Back in the good old revolutionary 70s with all its social change and upheavals there was a revolution also happening in the sciences. The world systems theory entered the stage of social sciences and put a few things into focus. Following Rachel Carson’s Silent Spring in early 60s and the Club of Rome’s Limits to Growth in early 70s it was about time that sciences had another long hard look at themselves.
Carson’s seminal Silent Spring (1962) was a story of war. Its warring tribes were the chemical industry and science on the one hand, and humanity/-ies and nature on the other. Big corporations versus nature. A fight that ultimately can only go one way. In Carson’s time DDT was in its heyday and seen as the wonder drug to get insects and bugs under control and to get a brave new chemicalised future we can rule. As we now know this was an affront to humanity’s health and more general basis of living (Mother Nature). Thanks to Carson for taking the time to chronicle this through meticulous data analysis, risk assessing, outstepping of traditional science and also making the direct link from those insect chemicals to cancer. In 1964, she died of cancer herself – Carson was so devoted to her book, she wanted to keep her cancer a secret. She thought, and quite rightly she was worried, it could be used to taint the message of Silent Spring. The ‘hysterical female’ badge could be used and the book could be dismissed and discredited as a personal crusade (by the agri-chem business lobbyists).
Then there was the infamous Limits to Growth (1972). The clever people of the Club of Rome – scientists, thinkers, philosophers – got together and wanted to bring a major oversight to our attention: there are natural limits! For some reason the human being appears to find it incredibly hard to see (these) limits. We are limit blind. We seem to think all is available, always, forever and in huge quantities. And it is for us to take. This is coupled with an androcentric worldview whose arrogance alone is killing us. Well, if this man-centred worldview sounds like a stupid thought… we still act in accordance with it right now. Just spare oil or car reduction a thought. Yes, it’s a taboo. Still.
Also in stumbles world system theory (in the wider sense, I do not intend to go into its nooks and crannies here at all). This social-political science theory not only attempts to take a holistic sweep (at society, economy and politics) but it also politicises our worldview. And it is not afraid of social change. (A bit like feminist theory, in many ways.) I will keep my weary eyes open, and will do some reading on this over the next few months. Suffice it to say, there are still quarters in science persistently raging against taking a holistic view. Total neutrality is the positivists’ sneaky game. Just look at this philosophically, and you see in under two minutes how futile the outset of that statement is. But hey, the neutrality freaks play into the hand of the oil-road-car lobby – sometimes knowingly, but mostly through their naivety (and devotion to neutral science… eat that).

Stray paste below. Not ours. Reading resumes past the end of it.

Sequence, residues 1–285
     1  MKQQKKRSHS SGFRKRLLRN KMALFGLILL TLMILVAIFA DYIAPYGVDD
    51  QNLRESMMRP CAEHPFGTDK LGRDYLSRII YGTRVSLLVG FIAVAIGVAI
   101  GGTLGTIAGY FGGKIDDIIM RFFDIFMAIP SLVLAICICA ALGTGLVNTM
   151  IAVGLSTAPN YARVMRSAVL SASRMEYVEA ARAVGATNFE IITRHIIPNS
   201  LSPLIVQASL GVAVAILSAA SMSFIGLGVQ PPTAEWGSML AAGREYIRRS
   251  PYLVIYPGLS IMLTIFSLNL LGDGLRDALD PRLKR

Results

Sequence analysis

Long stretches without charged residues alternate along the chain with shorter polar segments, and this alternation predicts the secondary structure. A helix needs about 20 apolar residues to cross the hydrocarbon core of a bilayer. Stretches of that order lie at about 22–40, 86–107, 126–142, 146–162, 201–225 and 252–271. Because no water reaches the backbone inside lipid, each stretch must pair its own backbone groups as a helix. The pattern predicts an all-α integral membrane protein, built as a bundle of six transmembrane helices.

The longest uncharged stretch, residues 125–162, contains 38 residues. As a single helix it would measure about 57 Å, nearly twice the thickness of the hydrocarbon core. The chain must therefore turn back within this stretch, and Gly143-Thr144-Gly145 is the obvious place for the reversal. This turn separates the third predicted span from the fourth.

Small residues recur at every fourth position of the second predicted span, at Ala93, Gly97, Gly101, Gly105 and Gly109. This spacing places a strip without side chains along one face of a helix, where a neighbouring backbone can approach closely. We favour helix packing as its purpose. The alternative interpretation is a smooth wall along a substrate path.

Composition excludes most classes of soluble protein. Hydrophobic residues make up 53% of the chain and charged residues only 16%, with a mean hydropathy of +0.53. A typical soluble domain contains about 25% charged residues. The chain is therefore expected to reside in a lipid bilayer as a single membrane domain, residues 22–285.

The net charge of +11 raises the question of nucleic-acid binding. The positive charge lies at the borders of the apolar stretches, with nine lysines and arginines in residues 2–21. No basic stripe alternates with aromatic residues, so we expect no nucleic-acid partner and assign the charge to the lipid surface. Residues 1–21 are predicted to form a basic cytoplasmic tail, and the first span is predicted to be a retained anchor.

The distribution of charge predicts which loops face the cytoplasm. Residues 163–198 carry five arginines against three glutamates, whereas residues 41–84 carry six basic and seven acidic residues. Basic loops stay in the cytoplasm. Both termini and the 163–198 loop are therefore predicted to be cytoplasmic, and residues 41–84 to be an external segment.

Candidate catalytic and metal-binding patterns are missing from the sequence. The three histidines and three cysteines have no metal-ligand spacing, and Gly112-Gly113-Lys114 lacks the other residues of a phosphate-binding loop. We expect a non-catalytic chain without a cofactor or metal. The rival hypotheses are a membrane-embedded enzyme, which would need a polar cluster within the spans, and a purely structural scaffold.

In any case, why am I writing this? Carson, Club of Rome and world systems theory have things in common. They see connections. They see a bigger picture. This picture is totally unconservative, unabashedly about nature as our life-giver and the human dependence on resources of air, water and nutrients. Conservatives, and many a liberal folks too, always try to drag the problem down to the personal individual level. Look at the conservativisation of road safety “What? Accident? It’s your fault!” Never mind the inadequacy of the road system. Systemic problems are not for conservatives to see. Or check out the helplessness of neoliberal politics! Trying to take strong decisive action in the glaring absence of any other belief than personal monetary gain. Example Brexit. (We still don’t know what it is, what it means, how the process works etc – I stop here.)
The other thing these three different systems talk about in their own ways is empathy. Knowing your neighbour. Helping your neighbour. Being helped by your neighbour. Understanding your neighbour. You live in England, your neighbour in Malaysia. We are all connected. Alas, we have been run by the conservative individualists for a while (unelected undemocratic world systems: IMF, world bank etc). They only know themselves. No neighbours. Sadly then, society is dead, after all. It’s been lying, motionless, in the ditch for a while. Some dark limousines are passing by.
Oh no! So. What can be done about it? Firstly, we have to acknowledge that democracy has largely left the room. Look at your local politics and their decision making process. What’s democratic about it? How is policy used? Is it used? Above all, I think, we need completely new narratives. Storylines that attack, not cosily tickle, the dominant rhetoric. We must be brave. The direction of discourse must be changed. Coming back to transport and cycling, this means finding the strength to say big things. Collectively…
The new discourse will grate. It will hurt. But climate chaos has coffin nails to bash. And Mother Nature does not do bailouts – money is of zero value to her. Reclaiming words like social, society, collective, collaboration, cooperative, community, communal, civic (you catch the drift) to counteract the atomisation, fracturing and splintering of society and find ways to make limits of our nature visible could constitute some slow beginning of new narratives…